A couple who kept a woman a slave for a period of 10 months are to be convicted of slavery, a court has heard. Osarobo “John” Izekor’s victim and his wife Precious Izekor will also be paid £10,000 by the couple.
The husband and wife, with an address at Ashmount Gardens in Lisburn, admitted between September 1, 2016 and September 30, 2017 that they “required another person to perform forced or compulsory labour”. While the victim was forced to perform domestic duties, much of the Izekors’ crime was unpaid childcare, Reports from Belfast Live.
The case, heard at Belfast Crown Court, is one of the first charges under the Human Trafficking and Exploitation Act. The couple admitted to having kept the Nigerian national as a domestic slave at his then home, Castlereagh Place, East Belfast for a ten-month period.
QC Charles MacCreanor said the illiterate woman came to Northern Ireland in 2011 and worked as a nanny for John Izekor’s sister for five years. When the sister of 36-year-old John Izekor returned to Nigeria in the autumn of 2016, she moved to Castlereagh Place and learned that any work she did would send money back to her family.
During the 10-month period of the crime, the woman had her own room and was given food and clothing – but no money. In addition, the Izekors possessed her passport and other documents, which she did not have access to. Mr MacCreanor said that while she was living with the Izekors, the woman had been in contact with a relative of John’s who expressed a wish that she return to Nigeria so they could marry.
This relative asked the woman about her documents and visa status, and when she raised this issue with Precious, an argument ensued. Despite her request for her documents, the woman was not given them and the dispute led to a “deterioration of relations”.
The woman then tried to find her passport and other documents when 29-year-old Precious Izekor was out. A few days later she left the Izekors and went to live with a friend. This friend, according to the court, was concerned about the woman, felt exploited and accompanied her to the Ministry of the Interior.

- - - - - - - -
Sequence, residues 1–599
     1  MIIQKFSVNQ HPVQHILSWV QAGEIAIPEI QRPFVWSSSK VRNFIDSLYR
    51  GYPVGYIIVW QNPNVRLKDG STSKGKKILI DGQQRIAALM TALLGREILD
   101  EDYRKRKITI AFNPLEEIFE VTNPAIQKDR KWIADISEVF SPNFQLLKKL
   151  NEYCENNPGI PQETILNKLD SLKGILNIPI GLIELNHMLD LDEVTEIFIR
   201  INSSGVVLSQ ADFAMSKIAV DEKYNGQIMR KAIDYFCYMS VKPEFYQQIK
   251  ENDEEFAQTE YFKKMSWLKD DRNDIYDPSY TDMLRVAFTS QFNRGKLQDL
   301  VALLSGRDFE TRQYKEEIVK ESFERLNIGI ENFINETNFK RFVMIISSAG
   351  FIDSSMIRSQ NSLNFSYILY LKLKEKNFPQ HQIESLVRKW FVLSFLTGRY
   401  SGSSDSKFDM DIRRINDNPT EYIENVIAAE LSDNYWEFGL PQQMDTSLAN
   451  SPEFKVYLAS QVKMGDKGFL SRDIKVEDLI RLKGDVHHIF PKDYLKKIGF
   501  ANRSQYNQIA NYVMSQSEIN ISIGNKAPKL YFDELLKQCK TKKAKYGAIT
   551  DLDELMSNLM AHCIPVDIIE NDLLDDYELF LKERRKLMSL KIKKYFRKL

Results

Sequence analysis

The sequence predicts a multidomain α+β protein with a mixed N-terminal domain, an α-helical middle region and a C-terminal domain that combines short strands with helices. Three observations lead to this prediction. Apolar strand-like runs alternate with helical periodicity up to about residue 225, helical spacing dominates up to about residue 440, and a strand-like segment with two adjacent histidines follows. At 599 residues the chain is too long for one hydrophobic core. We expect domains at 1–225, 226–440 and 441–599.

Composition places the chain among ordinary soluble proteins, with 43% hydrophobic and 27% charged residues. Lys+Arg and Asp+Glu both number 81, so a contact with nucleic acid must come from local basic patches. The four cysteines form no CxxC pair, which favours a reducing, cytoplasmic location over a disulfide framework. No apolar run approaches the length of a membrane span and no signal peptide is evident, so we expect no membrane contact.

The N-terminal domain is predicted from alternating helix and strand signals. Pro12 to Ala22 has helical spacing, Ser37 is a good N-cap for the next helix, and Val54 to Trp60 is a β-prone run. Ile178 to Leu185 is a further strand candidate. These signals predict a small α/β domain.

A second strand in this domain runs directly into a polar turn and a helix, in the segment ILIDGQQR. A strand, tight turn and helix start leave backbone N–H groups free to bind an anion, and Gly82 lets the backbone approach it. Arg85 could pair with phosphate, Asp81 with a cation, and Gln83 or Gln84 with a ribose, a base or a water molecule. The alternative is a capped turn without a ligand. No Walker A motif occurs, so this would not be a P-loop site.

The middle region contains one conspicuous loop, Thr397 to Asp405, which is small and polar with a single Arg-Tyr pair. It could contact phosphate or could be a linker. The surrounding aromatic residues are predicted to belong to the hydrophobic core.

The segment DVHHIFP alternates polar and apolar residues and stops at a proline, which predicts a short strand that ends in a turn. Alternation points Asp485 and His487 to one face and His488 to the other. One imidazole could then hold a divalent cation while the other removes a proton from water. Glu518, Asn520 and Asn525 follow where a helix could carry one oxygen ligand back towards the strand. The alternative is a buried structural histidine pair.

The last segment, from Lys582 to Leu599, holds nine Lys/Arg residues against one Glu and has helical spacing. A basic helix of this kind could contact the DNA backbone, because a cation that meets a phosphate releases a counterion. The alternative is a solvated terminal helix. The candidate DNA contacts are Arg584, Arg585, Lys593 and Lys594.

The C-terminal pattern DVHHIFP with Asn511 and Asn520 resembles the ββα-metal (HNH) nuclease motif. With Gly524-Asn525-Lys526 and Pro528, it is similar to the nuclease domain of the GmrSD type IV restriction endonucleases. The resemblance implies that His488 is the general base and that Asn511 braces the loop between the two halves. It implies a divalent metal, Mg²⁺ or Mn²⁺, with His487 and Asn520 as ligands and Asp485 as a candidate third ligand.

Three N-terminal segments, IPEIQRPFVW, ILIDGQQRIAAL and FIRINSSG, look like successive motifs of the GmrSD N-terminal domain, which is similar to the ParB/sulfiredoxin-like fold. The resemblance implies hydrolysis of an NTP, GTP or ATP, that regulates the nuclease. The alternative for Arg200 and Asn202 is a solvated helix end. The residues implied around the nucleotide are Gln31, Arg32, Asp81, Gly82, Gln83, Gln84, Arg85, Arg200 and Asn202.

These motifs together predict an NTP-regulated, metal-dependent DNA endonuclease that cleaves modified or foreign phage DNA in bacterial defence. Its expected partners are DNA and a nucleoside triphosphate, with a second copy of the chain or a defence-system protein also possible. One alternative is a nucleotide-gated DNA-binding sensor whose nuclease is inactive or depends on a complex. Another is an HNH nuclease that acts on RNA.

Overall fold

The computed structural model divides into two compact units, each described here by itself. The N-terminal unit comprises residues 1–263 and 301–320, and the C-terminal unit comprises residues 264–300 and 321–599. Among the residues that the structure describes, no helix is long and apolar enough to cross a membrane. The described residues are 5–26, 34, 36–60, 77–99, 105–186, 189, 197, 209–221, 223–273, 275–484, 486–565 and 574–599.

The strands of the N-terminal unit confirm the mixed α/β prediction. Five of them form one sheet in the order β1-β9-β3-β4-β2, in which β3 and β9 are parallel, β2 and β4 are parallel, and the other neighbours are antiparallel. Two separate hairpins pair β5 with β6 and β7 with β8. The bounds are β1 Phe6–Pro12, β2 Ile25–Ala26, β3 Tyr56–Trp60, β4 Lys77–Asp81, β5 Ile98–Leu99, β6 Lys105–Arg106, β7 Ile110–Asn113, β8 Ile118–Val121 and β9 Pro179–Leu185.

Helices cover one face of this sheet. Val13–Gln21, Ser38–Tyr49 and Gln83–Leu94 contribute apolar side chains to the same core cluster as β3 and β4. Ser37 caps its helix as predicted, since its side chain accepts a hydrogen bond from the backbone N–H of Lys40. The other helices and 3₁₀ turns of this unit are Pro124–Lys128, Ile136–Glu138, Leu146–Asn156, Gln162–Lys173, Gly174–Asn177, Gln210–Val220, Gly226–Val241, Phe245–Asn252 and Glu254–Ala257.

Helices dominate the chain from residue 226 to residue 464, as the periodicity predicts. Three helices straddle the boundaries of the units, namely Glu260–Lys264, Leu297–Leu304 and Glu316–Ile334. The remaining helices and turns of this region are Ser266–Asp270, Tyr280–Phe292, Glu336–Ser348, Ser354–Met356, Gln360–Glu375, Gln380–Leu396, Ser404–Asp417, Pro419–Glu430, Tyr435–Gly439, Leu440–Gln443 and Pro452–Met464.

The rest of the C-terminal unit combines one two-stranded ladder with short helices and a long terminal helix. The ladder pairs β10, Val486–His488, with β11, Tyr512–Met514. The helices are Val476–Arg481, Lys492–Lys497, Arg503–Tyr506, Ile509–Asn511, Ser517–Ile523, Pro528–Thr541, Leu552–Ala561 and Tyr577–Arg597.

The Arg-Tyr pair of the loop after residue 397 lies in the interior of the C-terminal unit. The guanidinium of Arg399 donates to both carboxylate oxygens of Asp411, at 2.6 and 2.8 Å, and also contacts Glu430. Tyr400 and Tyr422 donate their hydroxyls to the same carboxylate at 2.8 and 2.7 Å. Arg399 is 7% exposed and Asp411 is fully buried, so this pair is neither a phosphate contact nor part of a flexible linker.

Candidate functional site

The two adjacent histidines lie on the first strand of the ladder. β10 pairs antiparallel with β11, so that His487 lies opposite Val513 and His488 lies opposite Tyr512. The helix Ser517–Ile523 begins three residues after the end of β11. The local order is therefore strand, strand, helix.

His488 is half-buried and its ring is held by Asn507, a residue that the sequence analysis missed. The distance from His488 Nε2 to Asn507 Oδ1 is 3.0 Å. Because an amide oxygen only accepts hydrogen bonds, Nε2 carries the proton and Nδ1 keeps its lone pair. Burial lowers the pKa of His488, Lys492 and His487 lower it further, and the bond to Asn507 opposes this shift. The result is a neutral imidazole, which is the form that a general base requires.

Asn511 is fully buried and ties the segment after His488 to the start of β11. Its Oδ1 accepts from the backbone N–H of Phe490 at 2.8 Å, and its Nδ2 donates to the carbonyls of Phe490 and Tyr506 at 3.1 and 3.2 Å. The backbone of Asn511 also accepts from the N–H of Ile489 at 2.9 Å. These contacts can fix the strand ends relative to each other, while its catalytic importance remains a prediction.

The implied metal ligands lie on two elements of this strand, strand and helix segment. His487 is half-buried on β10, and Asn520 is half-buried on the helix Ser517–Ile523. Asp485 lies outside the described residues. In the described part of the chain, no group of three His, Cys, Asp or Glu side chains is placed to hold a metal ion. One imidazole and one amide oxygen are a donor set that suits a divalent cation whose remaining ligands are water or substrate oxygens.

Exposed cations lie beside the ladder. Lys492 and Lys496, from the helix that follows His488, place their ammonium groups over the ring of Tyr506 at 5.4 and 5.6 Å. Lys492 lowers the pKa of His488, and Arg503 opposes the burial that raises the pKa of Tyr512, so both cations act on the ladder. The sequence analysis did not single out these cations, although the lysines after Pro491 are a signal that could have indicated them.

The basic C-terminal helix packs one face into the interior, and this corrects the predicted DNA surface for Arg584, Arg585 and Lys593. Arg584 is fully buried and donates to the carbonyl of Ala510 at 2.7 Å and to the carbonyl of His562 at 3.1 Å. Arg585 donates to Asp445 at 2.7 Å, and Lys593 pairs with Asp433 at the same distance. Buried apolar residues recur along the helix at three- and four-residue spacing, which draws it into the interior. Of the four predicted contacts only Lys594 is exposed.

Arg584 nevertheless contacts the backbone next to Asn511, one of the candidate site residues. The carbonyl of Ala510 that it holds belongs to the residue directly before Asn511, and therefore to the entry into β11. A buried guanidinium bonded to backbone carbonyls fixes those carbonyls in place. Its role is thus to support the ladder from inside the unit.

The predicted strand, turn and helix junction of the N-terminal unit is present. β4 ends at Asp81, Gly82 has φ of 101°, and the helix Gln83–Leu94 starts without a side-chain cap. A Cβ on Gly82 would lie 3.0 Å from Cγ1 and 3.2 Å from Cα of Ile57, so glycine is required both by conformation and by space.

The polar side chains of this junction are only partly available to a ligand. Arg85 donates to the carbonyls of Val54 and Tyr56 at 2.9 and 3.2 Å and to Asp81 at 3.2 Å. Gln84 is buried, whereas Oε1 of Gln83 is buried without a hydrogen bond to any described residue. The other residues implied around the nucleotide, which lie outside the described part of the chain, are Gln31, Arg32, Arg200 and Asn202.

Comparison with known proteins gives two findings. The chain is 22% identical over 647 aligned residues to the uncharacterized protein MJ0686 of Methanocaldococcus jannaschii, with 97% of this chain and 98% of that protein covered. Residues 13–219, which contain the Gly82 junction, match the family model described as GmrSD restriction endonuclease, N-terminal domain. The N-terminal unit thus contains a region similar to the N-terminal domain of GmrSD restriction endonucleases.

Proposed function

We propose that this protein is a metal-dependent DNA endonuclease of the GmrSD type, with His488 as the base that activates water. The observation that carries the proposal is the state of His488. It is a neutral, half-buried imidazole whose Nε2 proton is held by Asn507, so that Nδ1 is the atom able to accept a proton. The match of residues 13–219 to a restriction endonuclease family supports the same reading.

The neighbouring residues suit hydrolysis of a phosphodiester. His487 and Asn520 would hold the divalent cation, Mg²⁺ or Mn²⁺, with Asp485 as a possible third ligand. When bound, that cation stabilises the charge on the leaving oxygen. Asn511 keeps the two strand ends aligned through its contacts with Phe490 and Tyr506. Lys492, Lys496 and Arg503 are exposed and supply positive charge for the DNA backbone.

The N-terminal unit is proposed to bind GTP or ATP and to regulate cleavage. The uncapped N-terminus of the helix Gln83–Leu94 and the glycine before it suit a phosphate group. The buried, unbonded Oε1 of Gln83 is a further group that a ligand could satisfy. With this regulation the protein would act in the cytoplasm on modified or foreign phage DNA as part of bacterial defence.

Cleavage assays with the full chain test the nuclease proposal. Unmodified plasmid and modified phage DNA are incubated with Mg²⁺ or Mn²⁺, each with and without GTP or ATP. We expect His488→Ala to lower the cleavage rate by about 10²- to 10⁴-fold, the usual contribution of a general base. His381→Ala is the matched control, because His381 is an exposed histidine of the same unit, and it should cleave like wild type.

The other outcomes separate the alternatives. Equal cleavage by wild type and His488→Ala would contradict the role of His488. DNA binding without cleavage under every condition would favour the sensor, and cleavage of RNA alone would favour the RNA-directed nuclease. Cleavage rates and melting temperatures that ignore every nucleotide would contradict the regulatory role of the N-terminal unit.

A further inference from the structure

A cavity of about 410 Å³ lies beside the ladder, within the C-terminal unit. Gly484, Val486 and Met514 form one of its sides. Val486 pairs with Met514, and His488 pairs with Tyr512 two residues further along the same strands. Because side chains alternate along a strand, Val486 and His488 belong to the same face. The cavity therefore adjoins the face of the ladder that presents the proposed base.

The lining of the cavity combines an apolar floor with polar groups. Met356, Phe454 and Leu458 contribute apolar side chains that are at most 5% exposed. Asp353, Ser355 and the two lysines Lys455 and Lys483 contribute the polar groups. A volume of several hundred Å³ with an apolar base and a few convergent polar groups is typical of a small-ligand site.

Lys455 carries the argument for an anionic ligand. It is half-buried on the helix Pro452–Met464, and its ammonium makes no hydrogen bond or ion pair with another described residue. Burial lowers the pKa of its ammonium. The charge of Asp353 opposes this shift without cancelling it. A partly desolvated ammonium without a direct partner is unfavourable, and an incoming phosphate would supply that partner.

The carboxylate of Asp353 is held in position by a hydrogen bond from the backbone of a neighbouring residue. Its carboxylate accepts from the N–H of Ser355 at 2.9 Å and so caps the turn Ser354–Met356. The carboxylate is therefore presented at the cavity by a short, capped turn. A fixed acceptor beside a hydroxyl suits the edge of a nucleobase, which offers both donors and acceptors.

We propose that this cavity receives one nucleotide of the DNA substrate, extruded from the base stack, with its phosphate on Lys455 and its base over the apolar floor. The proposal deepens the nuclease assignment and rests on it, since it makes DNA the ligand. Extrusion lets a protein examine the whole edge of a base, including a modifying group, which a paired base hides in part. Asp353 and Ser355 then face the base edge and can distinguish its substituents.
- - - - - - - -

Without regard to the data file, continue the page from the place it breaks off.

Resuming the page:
When an Interior Ministry official called Izekor’s home, Precious was asked about the woman and denied knowing her. An investigation was launched, leading to the involvement of the PSNI and the subsequent arrests of John and Precious Izekor.
During his police interview, John Izekor initially denied any wrongdoing, arguing that they let the women stay in their home and helped her. In her interview, Precious told officers the woman is a family friend and was never asked to do any form of labor or labor.
Mr MacCreanor said there had been text messages between the husband and wife indicating the control they had over the woman while she was living with them. He also said that after speaking to police about her ordeal, the woman said she felt isolated and alone while living with the couple.
Defense attorney Barry Gibson, representing John Ikezor, said his client spent three months in custody after his arrest. He also spoke about Izekor’s university education, extensive work history and clear criminal record.
Precious Izekor’s lawyer Gavan Duffy QC revealed that the two women used to have a good relationship and said there was a lack of violence or physical assault. After hearing submissions from both the Crown and the Defense, Justice Richard Greene QC spoke about the complexity of the case and said he wanted to consider several issues before passing judgment.
After being told that the Izekors had previously deposited £10,000 in bail with the court, the judge ordered that money be paid to the woman they kept as a house slave. Judge Greene told the couple the charge they pleaded guilty to was “an extremely serious offense” and released them on bail ahead of sentencing, which is scheduled for June 27.